But even when you don't understand all the words, there's something in the distinctive tone of the fado that makes you feel the melody. The way the sounds come out of the throat, and the pause of the musical note at the end of every sentence - simply enchanting. This delay, typical for fado, produces a rhythm called tempo rubato - a slight speeding up and then slowing down of the tempo of a piece - which intensifies the drama.
    Marta Pereira da Costa is a virtuoso fado guitar musician. In the past month alone, she managed to perform in Senegal, Brazil, and of course Portugal, and earlier this week at the Studio Annette in Tel Aviv.
    Traditional Pado singers are accompanied by a unique fado guitar. It's a 12-string guitar with a pear box and a slug neck head and a sound similar to something in between an acoustic guitar and a mandolin. But Pereira da Costa plays the fado guitar as a solo instrument. It's a very unusual phenomenon in the fado world because of how dependent the genre is on a human voice.
    Pereira da Costa represents what is known as Nueva Fado (the new fado). This music genre is based on fado, but it also involves other genres such as Flamenco, Bossa Nova, and Jazz.
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    מריצה
    מריצה
    Mariza
    (Photo: Miguel Angelo)
    The new fado evolved over the last 20 years, while the traditional fado withered at the end of the last century. The new fado singers breathed life into the old genre by adding fresh elements from other genres. Besides the guitars, they added other instruments such as accordion, viola, and even a piano. However, each of them continues on his own path, as they base their new genre on the old fado.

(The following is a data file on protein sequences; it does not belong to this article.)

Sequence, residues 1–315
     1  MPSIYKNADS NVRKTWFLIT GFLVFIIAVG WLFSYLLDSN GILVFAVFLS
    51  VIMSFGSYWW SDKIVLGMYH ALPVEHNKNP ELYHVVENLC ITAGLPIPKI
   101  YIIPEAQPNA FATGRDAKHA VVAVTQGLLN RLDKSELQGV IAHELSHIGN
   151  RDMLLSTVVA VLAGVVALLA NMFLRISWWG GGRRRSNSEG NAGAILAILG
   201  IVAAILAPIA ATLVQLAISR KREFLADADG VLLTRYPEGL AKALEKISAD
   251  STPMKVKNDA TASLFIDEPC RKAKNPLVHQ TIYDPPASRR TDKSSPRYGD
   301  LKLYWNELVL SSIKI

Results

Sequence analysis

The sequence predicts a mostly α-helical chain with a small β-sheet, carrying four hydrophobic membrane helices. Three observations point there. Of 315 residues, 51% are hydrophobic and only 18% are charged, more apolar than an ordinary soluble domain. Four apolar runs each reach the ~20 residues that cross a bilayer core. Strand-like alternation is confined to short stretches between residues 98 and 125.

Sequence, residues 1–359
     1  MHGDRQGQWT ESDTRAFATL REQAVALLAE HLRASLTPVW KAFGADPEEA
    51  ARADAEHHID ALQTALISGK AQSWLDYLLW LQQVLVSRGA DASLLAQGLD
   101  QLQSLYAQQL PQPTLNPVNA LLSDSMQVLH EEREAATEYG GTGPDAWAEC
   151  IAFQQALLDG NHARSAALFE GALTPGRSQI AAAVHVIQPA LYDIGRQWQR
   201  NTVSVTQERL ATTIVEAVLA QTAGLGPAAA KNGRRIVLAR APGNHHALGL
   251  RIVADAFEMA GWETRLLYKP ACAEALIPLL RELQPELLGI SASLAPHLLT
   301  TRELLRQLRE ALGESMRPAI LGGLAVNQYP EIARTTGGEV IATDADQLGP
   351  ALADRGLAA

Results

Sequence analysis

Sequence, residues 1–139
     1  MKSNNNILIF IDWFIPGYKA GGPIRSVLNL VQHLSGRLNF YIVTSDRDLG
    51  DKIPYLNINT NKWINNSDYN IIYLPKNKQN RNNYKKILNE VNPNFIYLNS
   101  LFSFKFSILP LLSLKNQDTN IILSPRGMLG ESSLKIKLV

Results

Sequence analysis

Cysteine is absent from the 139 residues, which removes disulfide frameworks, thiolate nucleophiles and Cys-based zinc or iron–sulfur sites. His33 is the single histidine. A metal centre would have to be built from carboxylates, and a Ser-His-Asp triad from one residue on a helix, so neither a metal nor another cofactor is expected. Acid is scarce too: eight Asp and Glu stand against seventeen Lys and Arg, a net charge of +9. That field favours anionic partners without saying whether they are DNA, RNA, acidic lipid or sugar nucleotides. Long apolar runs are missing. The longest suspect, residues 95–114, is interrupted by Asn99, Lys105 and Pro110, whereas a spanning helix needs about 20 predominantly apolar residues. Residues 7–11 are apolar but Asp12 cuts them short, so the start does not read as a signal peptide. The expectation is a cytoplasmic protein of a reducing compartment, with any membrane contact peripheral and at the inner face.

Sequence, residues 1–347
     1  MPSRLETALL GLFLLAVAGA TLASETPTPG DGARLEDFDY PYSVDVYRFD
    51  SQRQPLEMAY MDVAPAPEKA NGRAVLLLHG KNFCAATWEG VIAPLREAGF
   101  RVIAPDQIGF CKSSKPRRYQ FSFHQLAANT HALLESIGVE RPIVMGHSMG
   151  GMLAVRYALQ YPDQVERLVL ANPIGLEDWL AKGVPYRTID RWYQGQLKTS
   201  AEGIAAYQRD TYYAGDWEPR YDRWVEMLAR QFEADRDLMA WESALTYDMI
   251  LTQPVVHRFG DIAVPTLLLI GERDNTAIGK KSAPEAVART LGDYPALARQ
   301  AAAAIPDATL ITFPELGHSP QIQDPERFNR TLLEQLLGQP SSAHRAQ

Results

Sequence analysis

As part of her concert in Israel, Pereira da Costa performed with a singer named Duarte Coxo, who sang new fado songs, but in the traditional old style.
    With that said, next month, Mariza - who looks to be the most well-known Portuguese singer in the world at the moment - is set to arrive in Israel for the first time in eight years. Her concert will be held on June 27 at Hall of Culture in Tel Aviv, and it will be an Amalia Rodrigues tribute concert. It would be interesting to hear how Mariza - the very representative of the new fado - will sing Rodrigues's compositions.
    I first heard the name Mariza from a cab driver in Portugal 20 years ago. He picked us up near the Pado Club in Quimbera, and said in contempt something like, "If you want to hear real fado, listen to Mariza."
    So we bought a CD, and it was absolutely amazing. Over the years, Mariza moved away from the fado and got closer, perhaps too much, to pop. But her contribution to the genre's awakening is priceless.
    The third fado performer who will grace the Israeli stage this summer is Sara Correia, who is set to be among the artists to take the stage on June 14 at Méditerranée Festival Ashdod 2022, which annually hosts the best artists from Israel and well-known guests from the Mediterranean countries.
    Correia is a young singer with a strong and deep alto voice, who is continuing the traditional path of the genre. She is an exciting singer and her performance is set to be very intriguing.
    In the meantime, not long ago, while visiting the northern city of Porto, we found ourselves caught up in a local fado competition, with mostly young singers. Fado on the street is something I haven't seen in years in Portugal, and this little event was a living proof that fado is still alive and kicking.